"Parvo" is one of the most severe and deadly diseases that can affect young dogs. It is highly contagious and spreads quickly through groups of unprotected individuals. Most disturbing is the fact that the virus that causes the disease, canine parvovirus type 2 (CPV-2), can survive for an extremely long time in the environment and is resistant to many commonly used cleaning solutions and disinfectants. Therefore, even settings that appear to be impeccably clean can harbor and spread this deadly virus.
"Currently available vaccines continue to provide excellent protection against canine parvovirus as long as they are given on an appropriate schedule."
When a dog has parvo, it releases large numbers of the virus in its feces, saliva, and vomit. A susceptible dog will pick up the disease when the virus gains access to the body through the mouth. This often occurs when a dog mouths something in the environment or grooms themselves after picking up the virus on its feet, coat, or skin.
Symptoms of Canine Parvovirus
Clinical signs of parvovirus generally begin within a few days to a week of a dog becoming infected. The severity of the symptoms depends on the number of virus particles the dog came in contact with and the speed and strength with which its immune system reacts. Dogs that have partial immunity to the virus and/or were exposed to relatively few virus particles may only become somewhat lethargic, go off their food, and experience mild vomiting and diarrhea for a few days before recovering fully.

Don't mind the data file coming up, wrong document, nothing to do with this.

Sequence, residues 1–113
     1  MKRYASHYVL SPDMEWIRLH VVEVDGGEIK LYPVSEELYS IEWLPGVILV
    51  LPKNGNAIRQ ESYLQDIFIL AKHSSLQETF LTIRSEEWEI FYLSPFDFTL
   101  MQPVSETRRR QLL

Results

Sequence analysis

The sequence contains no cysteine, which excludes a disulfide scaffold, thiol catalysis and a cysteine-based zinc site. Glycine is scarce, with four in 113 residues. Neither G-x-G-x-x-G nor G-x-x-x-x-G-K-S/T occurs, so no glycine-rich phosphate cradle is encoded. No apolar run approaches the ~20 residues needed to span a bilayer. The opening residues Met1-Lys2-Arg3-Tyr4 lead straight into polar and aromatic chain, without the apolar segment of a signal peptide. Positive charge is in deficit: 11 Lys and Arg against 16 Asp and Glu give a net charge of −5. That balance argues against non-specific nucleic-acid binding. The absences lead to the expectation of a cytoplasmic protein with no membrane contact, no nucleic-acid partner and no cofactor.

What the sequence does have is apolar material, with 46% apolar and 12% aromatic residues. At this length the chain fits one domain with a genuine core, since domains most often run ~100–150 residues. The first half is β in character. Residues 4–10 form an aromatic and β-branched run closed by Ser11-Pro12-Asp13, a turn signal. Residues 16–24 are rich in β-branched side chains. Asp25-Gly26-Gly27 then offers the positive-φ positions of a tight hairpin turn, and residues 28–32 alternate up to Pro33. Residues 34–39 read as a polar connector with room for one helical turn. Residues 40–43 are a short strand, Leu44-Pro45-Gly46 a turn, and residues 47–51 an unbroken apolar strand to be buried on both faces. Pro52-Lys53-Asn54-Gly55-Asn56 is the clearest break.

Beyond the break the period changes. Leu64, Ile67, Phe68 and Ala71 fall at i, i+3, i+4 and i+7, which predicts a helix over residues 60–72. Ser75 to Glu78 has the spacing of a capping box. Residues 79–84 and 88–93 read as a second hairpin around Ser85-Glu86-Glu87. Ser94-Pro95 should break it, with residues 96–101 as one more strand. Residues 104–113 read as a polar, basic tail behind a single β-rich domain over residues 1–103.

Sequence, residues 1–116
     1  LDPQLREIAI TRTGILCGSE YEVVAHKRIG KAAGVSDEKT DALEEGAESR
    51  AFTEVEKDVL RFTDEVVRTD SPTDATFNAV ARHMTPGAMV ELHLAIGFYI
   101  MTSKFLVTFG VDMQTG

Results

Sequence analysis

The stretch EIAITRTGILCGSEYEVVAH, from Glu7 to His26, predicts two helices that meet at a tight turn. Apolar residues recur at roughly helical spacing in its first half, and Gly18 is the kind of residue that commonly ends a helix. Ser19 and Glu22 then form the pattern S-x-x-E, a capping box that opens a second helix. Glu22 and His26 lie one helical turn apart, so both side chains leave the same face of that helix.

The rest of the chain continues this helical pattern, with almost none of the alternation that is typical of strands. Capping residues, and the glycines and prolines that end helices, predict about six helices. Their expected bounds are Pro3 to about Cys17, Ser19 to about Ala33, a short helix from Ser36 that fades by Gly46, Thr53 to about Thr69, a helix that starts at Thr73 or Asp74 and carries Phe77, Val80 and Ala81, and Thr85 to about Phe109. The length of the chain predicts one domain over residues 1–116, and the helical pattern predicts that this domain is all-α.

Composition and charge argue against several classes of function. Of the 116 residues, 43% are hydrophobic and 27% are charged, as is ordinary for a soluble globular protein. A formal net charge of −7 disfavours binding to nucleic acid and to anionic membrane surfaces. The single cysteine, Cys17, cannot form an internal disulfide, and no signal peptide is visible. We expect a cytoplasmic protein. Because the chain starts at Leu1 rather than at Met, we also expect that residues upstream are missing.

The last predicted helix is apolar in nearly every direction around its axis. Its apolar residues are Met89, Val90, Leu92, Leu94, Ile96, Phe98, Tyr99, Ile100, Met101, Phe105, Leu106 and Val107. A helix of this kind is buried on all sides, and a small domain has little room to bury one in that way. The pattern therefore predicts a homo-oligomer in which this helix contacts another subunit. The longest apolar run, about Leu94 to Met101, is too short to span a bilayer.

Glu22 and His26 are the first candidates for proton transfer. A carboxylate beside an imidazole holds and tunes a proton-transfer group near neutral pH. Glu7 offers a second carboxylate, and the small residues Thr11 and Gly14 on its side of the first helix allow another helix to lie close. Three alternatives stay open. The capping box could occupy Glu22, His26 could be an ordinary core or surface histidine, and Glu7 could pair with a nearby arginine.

On the other hand, more severe parvovirus infections are often fatal without prompt and aggressive treatment. Dogs with little or no immunity to the disease or those that come in contact with heavily contaminated areas can develop:
- complete loss of appetite
- repeated bouts of vomiting
- diarrhea that tends to contains blood
- severe dehydration
- extreme depression and lethargy
- high fever
The virus attacks rapidly dividing cells in the body. The gastrointestinal system is its primary target, but parvo can also have a direct adverse effect on the cells of the immune system. This development not only lessens the dog’s ability to fight off parvovirus, but also puts it at risk for secondary bacterial infections, often originating from within the compromised gastrointestinal tract. These infections can result in pneumonia and other potentially life-threatening complications. In very young puppies, the virus can attack cells within the heart. These dogs may either die suddenly or go into congestive heart failure and experience difficulty breathing, fluid build-up in the body, and extreme weakness.
Parvo is not the only disease that can cause vomiting, diarrhea, and the other symptoms mentioned above. Intestinal parasites, bacterial infections, other viruses, ingestion of foreign material, pancreatitis, and more can all be mistaken for parvovirus. Parvo becomes more likely when the affected dog is young and has an incomplete vaccination history. The diagnosis can be confirmed with a bench-top test that is performed on a small sample of feces. Results are usually available within 10-15 minutes. As with any type of laboratory test, false positive and false negative results are possible. Recently vaccinated dogs may appear positive on the test when they are truly not infected with the virus, and some individuals may test negative very early in the course of the disease.